Review: It seems whenever you look at it we are always waiting for a Beatrice Dillon LP. Over the years she's built a discography around labels like Where To Know?, Boomkat Editions and Hessle Audio, with other intriguing works coming through Kassem Mosse's Ominira, The Trilogy Tapes and most recently, in album form (2016), a collaborative album with Rupert Clervaux for Paralaxe Editions. It somehow makes sense then that PAN are the ones to release the British artist's most singular and definitive work yet, pulling together her penchant for syncopated and disjointed drums to meet and fill the gaps between tensions and releases of sound and dynamic that reference all matter of contemporary and avant garde compositions and production techniques, with Dillon still treading that precarious line between abstract club music, experimental sound art and conceptual sound design.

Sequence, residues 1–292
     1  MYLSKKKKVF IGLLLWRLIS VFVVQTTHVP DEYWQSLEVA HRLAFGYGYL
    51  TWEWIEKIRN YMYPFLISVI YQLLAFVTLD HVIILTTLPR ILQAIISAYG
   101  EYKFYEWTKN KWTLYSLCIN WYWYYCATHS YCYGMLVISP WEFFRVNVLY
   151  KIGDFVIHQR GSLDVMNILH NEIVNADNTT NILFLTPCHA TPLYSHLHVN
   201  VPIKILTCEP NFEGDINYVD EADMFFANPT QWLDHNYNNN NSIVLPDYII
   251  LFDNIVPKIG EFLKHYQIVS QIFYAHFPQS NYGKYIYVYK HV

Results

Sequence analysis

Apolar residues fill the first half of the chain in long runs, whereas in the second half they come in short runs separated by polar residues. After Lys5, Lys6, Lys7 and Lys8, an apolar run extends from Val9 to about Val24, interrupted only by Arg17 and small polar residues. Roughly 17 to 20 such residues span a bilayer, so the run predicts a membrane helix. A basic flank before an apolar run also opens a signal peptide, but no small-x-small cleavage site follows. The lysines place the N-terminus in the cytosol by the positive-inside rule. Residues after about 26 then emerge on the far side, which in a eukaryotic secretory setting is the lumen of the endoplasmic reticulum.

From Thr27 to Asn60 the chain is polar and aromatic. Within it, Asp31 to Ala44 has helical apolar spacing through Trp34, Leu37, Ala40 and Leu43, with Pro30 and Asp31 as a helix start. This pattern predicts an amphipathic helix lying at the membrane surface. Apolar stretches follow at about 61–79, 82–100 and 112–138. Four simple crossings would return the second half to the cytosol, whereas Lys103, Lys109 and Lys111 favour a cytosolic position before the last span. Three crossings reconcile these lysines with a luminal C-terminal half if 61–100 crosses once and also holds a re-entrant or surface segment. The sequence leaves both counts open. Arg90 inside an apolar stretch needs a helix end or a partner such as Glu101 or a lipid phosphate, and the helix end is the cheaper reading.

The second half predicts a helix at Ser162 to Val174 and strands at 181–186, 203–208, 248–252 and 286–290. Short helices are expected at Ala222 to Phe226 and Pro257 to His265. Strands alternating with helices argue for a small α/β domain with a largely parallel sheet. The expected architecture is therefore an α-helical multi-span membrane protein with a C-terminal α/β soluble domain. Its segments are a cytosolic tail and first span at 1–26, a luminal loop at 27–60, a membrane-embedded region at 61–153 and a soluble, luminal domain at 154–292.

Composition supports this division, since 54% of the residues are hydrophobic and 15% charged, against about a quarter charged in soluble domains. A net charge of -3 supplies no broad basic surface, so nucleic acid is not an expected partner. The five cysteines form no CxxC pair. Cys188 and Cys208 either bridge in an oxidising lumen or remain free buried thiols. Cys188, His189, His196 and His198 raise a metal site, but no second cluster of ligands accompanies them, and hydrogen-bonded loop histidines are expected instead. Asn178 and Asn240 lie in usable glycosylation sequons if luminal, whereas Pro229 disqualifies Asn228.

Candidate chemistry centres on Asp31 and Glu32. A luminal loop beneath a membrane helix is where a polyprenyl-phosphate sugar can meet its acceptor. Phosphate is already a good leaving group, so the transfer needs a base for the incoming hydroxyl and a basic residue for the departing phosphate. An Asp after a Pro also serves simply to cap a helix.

Review: Luke Younger aka Helm follows his 2017 album Rawabet with this fine album. Collaborating with JG Thirlwell from Foetus and featuring guest cello and saxophone, it is the most rounded Helm album so far. "Capital Crisis" has a sonorous feeling as atmospheric synths emerge from experimental squiggles, while on "I Knew You Would Respond" Younger merges sax squalls with middle eastern nuances. "Body Rushes" is even more impressive, and its layered, immersive textures are up there with Johan Johansson's soundtracks. What's most remarkable about Chemical Flowers however, is the fact that it's an ever-changing, morphing work, typified on the sonic twists and turns of "Lizard In Fear'.